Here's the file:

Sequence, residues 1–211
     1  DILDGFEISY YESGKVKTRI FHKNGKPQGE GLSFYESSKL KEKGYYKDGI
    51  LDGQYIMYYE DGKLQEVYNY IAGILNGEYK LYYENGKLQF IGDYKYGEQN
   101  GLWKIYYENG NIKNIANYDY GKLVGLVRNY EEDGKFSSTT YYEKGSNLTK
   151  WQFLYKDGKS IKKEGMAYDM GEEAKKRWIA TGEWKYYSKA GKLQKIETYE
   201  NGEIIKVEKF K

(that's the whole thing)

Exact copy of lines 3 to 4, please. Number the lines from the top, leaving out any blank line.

    51  LDGQYIMYYE DGKLQEVYNY IAGILNGEYK LYYENGKLQF IGDYKYGEQN
   101  GLWKIYYENG NIKNIANYDY GKLVGLVRNY EEDGKFSSTT YYEKGSNLTK